Though they've been here for less than a week, the teen residents are already thinking like designers. At lunch, after a hot morning scoping out the building site, Nick Chelko and Adam talk over how the group could play Twister without a game board - using paper plates, a pencil, and the walls of the house they're staying in on the Fallingwater grounds.

After lunch, on the way to cool off in a local river, Adam and Dave practice combining the last names of kids in the group to sound like swanky architecture firms. "I know!" Adam shouts, after some near misses, "Koogler and Temkin!"

"That's optimistic," Temkin teases.

While the group is playing in the river, Rose Tse breaks her flip-flop. When a fellow student urges her to put it on anyway, she flatly refuses. "I can't wear that. Look at the dynamics of that shoe!"

Though these students are more design-minded than most teens, the Fallingwater program doesn't take all of the credit. Hallie Terzopolos, who is going into her senior year of high school "almost definite" that she wants to become an architect, confesses: "My favorite magazine is Better Homes and Gardens. Ok, I'm a nerd. But it is [a favorite] for a bunch of people here. We started talking about it, and we're like, 'You too?' "

In the late afternoon, they return to their makeshift studio - a former garage on the Fallingwater property - to start their models. Before long, cardboard and hot glue cover every surface, the radio's blasting, and students are calling back and forth over the music.

"Hey!" says Nick, fitting a balsa-wood beam onto his model, "We should have like a Fallingwater 2001 firm [someday]."

"F-dub 01?" suggests Dave.

"F-dub? How 'bout F.W.?" says Nick.

"I would if I wasn't a gangsta," Dave jokes, "If I wasn't keepin' it true."

"Word," agrees Nick. Then, after a minute: "Hey, look at this glue-gun technique! Backhand."

Genius is prickly

If Wright were around, he might be missing the fun in these antics. The architect was, by many accounts, a difficult character, both personally and professionally.

"He was nasty to some of his clients, and he did go way over his budgets for things," Temkin says. "When I first studied architecture as an undergrad, I was pretty anti-Wright. But then I actually went and visited some of his buildings, and everything turned around. Because when you experience the architecture ... suddenly all the other stuff becomes much less significant."

A number of the high-schoolers take a similar view. Adam read a lot about Wright and his work before coming to Fallingwater. "As an architect, he was pretty much just a genius. Unsurpassable," he says. "As a man, though, I don't have much respect for him. He kind of needed the attention of society at his time - he was a lot like Andy Warhol, in his need to be in the public eye."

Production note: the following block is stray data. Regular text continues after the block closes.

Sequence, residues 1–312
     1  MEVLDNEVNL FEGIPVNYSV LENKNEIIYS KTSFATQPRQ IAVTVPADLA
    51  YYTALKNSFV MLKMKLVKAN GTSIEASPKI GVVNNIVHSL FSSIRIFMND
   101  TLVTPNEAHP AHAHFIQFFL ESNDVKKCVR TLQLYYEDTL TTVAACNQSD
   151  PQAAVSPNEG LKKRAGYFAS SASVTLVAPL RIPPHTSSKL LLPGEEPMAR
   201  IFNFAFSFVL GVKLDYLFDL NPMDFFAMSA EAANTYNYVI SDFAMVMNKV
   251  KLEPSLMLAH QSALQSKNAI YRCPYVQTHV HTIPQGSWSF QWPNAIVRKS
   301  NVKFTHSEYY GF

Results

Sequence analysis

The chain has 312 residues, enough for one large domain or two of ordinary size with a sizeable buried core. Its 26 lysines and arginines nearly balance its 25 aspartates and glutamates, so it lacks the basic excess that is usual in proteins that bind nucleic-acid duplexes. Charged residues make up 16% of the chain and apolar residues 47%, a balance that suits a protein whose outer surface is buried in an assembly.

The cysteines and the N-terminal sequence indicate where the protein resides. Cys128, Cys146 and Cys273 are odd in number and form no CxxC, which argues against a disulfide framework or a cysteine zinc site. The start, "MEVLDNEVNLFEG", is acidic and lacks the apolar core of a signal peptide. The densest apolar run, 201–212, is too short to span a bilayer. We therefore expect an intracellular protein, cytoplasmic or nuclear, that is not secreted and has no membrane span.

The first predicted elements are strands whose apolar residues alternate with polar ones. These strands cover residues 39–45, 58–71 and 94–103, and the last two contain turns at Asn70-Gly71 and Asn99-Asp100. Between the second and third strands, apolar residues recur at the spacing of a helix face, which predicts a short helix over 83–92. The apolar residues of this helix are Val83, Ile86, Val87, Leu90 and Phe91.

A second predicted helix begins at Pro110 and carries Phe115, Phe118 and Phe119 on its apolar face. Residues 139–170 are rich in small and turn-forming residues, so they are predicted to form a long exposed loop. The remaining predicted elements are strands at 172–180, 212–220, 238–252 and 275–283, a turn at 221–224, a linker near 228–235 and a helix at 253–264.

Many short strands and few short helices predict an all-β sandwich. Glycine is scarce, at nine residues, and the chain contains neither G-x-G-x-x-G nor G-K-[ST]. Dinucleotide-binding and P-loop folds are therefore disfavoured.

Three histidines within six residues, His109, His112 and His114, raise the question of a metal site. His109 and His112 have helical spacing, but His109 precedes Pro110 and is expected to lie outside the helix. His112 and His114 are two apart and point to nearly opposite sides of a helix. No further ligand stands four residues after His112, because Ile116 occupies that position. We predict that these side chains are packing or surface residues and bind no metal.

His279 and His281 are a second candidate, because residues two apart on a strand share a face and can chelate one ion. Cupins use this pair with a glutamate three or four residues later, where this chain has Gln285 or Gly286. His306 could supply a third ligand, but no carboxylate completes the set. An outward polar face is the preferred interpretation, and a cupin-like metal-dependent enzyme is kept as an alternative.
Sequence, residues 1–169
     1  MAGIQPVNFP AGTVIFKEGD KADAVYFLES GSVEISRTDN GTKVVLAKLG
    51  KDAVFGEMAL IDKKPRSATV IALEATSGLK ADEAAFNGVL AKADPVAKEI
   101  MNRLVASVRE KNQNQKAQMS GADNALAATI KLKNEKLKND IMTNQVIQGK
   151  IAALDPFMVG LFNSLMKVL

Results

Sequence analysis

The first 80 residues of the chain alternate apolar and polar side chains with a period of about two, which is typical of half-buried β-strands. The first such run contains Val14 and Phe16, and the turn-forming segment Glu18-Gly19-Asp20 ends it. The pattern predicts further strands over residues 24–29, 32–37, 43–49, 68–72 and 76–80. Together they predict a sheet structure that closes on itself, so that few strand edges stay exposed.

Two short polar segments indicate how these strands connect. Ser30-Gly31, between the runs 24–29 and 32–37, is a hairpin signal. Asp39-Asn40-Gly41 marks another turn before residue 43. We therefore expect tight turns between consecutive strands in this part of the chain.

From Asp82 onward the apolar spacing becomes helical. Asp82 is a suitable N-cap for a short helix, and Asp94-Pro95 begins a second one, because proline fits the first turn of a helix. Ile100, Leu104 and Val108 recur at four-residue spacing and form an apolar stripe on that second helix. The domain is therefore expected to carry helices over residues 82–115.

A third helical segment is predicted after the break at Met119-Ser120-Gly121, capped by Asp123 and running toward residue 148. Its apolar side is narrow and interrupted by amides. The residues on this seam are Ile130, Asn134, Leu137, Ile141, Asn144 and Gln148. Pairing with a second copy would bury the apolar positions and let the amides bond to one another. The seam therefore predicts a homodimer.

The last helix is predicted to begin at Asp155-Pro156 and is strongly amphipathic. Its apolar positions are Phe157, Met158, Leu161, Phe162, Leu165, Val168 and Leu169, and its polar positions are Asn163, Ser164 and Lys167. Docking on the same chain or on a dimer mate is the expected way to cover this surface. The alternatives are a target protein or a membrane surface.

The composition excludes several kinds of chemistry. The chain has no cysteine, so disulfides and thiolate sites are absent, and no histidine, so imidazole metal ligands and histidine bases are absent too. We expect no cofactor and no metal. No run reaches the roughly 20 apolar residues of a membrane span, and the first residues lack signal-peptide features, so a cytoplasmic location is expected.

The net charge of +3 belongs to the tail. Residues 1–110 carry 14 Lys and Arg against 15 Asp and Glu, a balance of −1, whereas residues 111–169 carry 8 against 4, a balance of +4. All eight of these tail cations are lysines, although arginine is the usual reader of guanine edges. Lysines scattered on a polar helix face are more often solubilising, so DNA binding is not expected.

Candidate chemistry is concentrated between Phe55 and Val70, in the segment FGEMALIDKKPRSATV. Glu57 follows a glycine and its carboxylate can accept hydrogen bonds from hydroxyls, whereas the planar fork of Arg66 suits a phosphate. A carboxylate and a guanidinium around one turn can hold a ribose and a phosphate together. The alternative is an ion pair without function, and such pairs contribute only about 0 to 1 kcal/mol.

But Ms. Beyer isn't so sure. "I think that there was a Frank Lloyd Wright that not too many people really knew. I mean, to build 400 buildings, most of them houses, [he] had to have been able to communicate well with clients. I think the work stands as testament that this fellow wasn't the arrogant power-freak we tend to call him. I'm sure he was difficult to be around, but what artist isn't?"

On-the-spot remodeling

The students stay at the studio till after 4 in the morning, putting the finishing touches on their models. So it's a bleary-eyed crew that gathers the next morning to present projects for a peer review.

Temkin has ideas to improve every design. Nick's, he says, has a great circular element, but needs to pull visitors along more. Malayna Butler's has a cool glass roof, but it's oriented the wrong way on the path. Dave's is based on a great idea, but has weird little wings poking out of the sides. Temkin asks a pained-looking Dave to tear them off. In the end, he commends the students for their hard work. They've come a long way in a week, he says.

Nick agrees. "I notice things totally different now. We were at the river the other day, and I was looking at it and looking at the landscape, and I realized how massive it was. You never even think about it, but what if you actually put a river to scale [here]? It'd be completely massive."

Hallie says she's developed a new appreciation for her surroundings, too. "Like the other day, walking up [some outside] stairs, I was actually thinking, 'Who designed this stair? And is it always a typical kind of thing, or can you make it different?' The funny thing is, I'm gonna go home and try to tell my friends about this, and they're gonna look at me like I'm an idiot.' "

"I'm not even gonna try, I don't think," Nick says. "I'll just say, 'Yeah, it was awesome. Cool. You know....' "

E-mail wiltenburgm@csmonitor.com.